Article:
Sundials - World's Oldest Clocks

North American Sundial Society

Eight years ago the University of Western Australia (UWA) commissioned a talented graduate, artist Shaun Tan, to create an impressionistic sundial for the 100th anniversary of UWA.  The fundamentals of the west-facing sundial were delineated by UWA Professor Peter Kovesi of the Geophysics and Image Analysis Group.

Read more: Four Minutes Til Sunset

nass_news_2013_jun_Selvaggio_ArchesSouthwind Park in Springfield Illinois is a National Model Park.  It got its start in October 2004 when trustees accepted the donation of 80 acres of land just off South Second Street.  Their website states "Our unique state-of-the-art park serves as a national model by proving a new dimensions of inclusion for all people."  A park without boundaries that accomodates people in wheelchairs and visitors with special needs. 

Read more: Southwind Park to get 20-foot Tall Dial

nass_news_2013_jan_Carmichael_Dial
[photo courtesy of John Carmichael]

In 2002, the North American Sundial Society recognized John Carmichael with the Sawyer Dialing Prize as an eminent artisan who creates a wide variety of sundials, principally in stone and glass. In recognition, John received a small brass equatorial sundial made by the renowned British artisan Tony Moss.  But for nearly a decade the sundial remained on John's workbench never seeing the full light of day.

Recently Mr. Carmichael completed a 24:1-scale model railroad in his back yard (http://www.flickr.com/photos/jlcarmichael/sets/72157632430552837/with/8348506244/). Now his Sawyer Dialing Prize sundial finally sits in the Arizona sun as a miniature "Monumental Sundial" at the Trolley Station.  At the 24:1 scale, the 3-inch dial assumes the proportion of a large 6-foot equatorial sundial. You can see John Carmichael's dials at http://www.sundialsculptures.com/.

nass_news_2012_dec_WilkesboroSundial
[photoCourtesy of the Wilkes Journal-Patriot]

Some sundial artisans and their work are instantly recognizable.  Back in 2010 on the wall of the Yancey Times Journal building in Burnsville, North Carolina, astronomer Bob Hampton and artist Martin Weaver created the Quilt Block Sundial, an 8x8 foot vertical dial colorfully painted by volunteers from the Quilt Trails of North Carolina.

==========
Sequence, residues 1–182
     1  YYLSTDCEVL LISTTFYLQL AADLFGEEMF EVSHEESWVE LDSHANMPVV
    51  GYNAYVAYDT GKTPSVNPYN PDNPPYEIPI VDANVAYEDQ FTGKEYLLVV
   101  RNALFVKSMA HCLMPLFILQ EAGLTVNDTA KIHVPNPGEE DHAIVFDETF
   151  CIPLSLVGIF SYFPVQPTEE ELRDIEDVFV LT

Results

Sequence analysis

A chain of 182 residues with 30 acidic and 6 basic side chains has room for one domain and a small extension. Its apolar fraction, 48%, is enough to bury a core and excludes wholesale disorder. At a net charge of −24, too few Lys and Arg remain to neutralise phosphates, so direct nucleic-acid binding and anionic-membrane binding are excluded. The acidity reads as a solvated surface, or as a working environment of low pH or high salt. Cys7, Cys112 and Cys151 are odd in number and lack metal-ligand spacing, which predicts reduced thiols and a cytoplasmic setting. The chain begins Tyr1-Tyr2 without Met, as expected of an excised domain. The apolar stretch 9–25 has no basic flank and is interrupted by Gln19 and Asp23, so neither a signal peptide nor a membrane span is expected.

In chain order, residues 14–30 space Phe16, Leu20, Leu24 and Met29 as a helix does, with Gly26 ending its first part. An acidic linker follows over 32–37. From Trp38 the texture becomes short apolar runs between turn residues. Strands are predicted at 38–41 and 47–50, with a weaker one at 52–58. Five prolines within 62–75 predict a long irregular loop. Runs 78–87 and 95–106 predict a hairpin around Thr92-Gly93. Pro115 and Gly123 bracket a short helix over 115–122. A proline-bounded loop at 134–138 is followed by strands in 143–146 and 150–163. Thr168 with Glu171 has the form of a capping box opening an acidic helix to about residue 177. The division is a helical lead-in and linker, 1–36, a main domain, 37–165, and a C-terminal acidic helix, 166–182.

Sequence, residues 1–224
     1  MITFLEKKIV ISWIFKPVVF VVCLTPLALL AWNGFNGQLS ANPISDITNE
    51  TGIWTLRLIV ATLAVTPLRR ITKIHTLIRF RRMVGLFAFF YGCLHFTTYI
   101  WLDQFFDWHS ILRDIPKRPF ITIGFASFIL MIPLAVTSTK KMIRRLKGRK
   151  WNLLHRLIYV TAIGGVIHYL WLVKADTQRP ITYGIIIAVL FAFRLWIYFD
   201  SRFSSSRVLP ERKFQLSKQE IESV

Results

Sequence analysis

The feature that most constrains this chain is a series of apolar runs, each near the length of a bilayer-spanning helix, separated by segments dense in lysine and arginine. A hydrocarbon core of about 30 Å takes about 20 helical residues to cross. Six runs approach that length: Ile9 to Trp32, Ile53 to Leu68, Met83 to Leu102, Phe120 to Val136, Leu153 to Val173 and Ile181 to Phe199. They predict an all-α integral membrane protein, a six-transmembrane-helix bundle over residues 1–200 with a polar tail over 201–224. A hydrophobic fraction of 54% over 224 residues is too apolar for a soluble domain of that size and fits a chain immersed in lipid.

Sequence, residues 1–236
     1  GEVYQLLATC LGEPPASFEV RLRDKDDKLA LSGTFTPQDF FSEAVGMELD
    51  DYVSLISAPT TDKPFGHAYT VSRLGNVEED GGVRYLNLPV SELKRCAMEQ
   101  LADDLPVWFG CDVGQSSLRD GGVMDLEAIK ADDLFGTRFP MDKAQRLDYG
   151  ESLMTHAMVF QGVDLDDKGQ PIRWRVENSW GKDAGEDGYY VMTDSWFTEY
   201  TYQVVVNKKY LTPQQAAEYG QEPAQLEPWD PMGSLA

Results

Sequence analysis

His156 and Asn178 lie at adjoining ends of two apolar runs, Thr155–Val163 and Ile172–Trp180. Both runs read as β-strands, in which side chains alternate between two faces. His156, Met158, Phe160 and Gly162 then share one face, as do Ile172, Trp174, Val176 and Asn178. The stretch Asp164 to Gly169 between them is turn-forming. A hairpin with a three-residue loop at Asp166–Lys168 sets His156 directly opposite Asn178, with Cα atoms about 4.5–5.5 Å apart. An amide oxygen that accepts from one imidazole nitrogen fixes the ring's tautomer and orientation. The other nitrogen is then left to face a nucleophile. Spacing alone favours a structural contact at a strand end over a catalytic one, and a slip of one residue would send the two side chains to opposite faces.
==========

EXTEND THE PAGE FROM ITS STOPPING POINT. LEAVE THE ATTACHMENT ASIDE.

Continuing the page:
Read more: Wilkesboro Quilt Dial

nass_news_2012_mar_Lego_Sundial

What can 62 LEGO bricks build?  An equatorial sundial.  A recent dial building project demonstrates a very nice looking sundial dial built from regular LEGO elements.  The design is a classic equatorial sundial using a central north-pointing rod gnomon with shadow cast only hourly segments tilted at 15 degree increments.  The base swivels such that it can be adjusted for any latitude.

The building blocks use 1xN plates placed side by side on the underside of a 1x4x5 arch, creating the hourly progression of 15 degree tilted tiles.  In the design shown, two blue plates in the center bracket the noon mark.  Outer blue plates indicate 6am and 6pm. All you need to do is paste on the hour numerals. 

Read more: LEGO Sundial

nass_news_2012_jan_downton_abbey
[photo courtesy of John Foad]

Many have been following the Prime time Emmy Award winning series Downton Abbey on PBS.  This British World War I period drama was filmed on location at Highclere Castle in Hampshire, which represents the fictional Downton Abbey.  Many outdoor scenes were filmed in the village of Bampton, Oxfordshire. (See http://en.wikipedia.org/wiki/Downton_Abbey )

As you follow the lives of aristocrats and servants in this acclaimed series, keep an eye out for sundials.  Attached is a photo noticed by NASS member John Foad.  Want to search for yourself?  Look for the dial in front of the hospital. The complete set of the series can be found on Amazon and Shop PBS.

And while you're at it, look for sundials in Foyle's War, Midsomer Murders, and Father Brown.  You'll be surprise how many sundials you will find.

Attachments:
Download this file (Dials_of_Downton_Abbey.pdf)Dials_of_Downton_Abbey.pdf[ ]313 kB

nass_news_2011_sept_joelmyers_2

On September 22, 2011 Penn State University dedicated a massive granite sundial donated by trustee and alumnus Joel Myers.  Designed and sculptured by artist Mark Mennin, it is installed in the university's arboretum.  At the dedication Myers  said, "We wanted to create something unique...The sundial is to be a destination".  Though still lacking a few final touches, such as a bit of polishing, the large granite dial is functional and tells time to the nearest minute.

 

Read more: Granite Sundial at Penn State

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